Collected Letters of Francis St. James, Letter 12
The damned Magnetic Sea
My dearest Theodora,
I scarce know how to begin this missive. I am bereft of hope, unmoored in time, and going through mere repeated motions like some strangely melancholy automaton. As we drift idl’y through this cursed abyss, I plunge ever deeper into the blackest pits of despair. I believe myself to have been aboard this dreary vessel for nigh on a year, though I cannot say for sure. In that time, I have spent a total of three days ashore, and the rest drifting, drifting, drifting in this damned Magnetic Sea. It is quiet and dark and my only activity has been the continued effort to construct a machine that will, if I may be momentarily immodest, prove Zakharov’s theories and, in doing so, change the world as we know it.
But alas, my work on this machine has been a Sisyphean task - though I see my goal and the path seems to be ‘all clear’ I cannot reach it but that some minor disaster returns me to the start of my labors all over again. It is frustrating in the extreme and I confess that I am quite demoralized - how ‘twould shock you to see your cheery, optimistic Francis in such a low state! Were it not for my good friend Wendel (and, of course, my love for you: eternal and bright as a thousand suns), I fear I would have nothing at all.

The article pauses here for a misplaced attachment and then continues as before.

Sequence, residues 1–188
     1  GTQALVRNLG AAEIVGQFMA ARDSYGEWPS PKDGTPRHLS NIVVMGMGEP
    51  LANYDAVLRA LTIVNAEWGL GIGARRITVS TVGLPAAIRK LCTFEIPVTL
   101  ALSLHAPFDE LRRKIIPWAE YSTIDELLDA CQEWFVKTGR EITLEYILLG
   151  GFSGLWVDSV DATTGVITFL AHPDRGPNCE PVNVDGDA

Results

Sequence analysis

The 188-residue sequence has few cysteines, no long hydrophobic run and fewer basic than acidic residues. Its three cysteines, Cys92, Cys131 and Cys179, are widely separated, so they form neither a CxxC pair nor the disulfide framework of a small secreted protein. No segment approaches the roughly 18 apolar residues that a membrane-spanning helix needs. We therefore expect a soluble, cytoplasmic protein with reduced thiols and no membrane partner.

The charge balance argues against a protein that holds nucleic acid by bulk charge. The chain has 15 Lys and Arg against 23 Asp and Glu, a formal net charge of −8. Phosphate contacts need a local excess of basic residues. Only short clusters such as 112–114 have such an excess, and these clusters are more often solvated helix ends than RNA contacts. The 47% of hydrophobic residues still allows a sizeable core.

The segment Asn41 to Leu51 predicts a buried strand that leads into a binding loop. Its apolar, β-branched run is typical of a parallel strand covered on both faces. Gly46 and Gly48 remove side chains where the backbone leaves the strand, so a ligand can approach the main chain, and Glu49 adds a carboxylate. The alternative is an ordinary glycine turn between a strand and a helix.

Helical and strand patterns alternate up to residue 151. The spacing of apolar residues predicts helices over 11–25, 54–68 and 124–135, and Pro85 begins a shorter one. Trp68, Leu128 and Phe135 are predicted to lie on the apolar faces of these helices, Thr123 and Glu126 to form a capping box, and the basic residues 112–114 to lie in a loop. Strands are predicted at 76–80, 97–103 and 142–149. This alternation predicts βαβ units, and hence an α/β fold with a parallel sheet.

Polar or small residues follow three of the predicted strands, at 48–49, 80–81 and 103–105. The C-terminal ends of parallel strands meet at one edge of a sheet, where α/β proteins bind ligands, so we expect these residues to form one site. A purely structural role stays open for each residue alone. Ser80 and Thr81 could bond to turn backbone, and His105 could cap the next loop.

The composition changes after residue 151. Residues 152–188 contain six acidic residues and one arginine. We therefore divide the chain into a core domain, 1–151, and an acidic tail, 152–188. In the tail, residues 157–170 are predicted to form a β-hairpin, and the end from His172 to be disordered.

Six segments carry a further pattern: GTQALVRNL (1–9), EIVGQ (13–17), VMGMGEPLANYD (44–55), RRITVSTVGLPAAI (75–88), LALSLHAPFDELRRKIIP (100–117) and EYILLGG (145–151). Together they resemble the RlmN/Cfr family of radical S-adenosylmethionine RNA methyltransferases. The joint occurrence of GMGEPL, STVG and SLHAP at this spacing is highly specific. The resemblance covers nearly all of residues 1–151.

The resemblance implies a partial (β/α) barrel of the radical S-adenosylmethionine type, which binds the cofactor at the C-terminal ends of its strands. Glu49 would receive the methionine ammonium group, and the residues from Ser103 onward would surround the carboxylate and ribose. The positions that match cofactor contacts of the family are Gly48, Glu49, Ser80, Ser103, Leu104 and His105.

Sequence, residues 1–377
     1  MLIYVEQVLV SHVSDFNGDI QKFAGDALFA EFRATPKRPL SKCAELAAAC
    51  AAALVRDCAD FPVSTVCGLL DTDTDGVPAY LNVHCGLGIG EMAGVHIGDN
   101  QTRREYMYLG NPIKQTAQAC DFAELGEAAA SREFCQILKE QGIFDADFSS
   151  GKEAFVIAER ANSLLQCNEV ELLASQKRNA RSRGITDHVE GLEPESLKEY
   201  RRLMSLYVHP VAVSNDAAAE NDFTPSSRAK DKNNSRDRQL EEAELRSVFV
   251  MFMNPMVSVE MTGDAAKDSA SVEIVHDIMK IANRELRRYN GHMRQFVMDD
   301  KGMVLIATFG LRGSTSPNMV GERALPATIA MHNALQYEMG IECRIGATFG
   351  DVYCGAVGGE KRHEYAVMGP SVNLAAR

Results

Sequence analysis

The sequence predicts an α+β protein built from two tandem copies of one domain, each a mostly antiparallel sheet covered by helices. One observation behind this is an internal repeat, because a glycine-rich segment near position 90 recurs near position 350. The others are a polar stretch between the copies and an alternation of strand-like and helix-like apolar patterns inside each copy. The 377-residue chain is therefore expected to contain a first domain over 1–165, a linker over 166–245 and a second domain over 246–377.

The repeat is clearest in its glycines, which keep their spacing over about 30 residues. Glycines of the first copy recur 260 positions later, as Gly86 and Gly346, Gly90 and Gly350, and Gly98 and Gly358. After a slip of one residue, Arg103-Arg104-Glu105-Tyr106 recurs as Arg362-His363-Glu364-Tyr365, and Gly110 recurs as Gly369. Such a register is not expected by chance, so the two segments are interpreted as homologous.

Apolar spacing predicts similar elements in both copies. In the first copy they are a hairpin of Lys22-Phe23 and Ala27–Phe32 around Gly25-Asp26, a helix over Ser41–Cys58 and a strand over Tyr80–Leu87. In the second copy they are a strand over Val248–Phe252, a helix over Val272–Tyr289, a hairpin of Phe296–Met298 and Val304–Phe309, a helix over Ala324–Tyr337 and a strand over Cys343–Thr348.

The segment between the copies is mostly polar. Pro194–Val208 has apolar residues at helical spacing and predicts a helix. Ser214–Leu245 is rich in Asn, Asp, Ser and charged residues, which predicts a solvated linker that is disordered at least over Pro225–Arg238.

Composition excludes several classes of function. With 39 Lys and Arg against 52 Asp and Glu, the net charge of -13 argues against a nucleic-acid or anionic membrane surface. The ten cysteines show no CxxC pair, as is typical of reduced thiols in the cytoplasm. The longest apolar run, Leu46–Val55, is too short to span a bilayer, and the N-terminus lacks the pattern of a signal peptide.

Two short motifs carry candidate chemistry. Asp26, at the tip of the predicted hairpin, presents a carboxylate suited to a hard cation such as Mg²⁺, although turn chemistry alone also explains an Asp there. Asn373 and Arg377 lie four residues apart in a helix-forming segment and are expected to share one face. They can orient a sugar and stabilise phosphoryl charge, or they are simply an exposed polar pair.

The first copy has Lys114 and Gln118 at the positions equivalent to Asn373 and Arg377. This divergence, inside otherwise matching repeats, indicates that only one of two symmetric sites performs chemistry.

I cannot keep my thoughts from flitting back to happier times, to moments where my feet trod actual earth, my skin soaked in the radiance of the blessed sun, my fingers intertwined with your own. This voyage, my love, is consuming me, in ev’ry way. It is said that to reach Heaven (but a metaphorical conception, my dear - no need to bristle at my seeming lapse into theism) one must first travel through the depths of Hell - but my Virgil is nowhere to be seen and you, my Beatrice, are so very far away.
My love for you is pure and undying and I remain, as always,
Francis St. James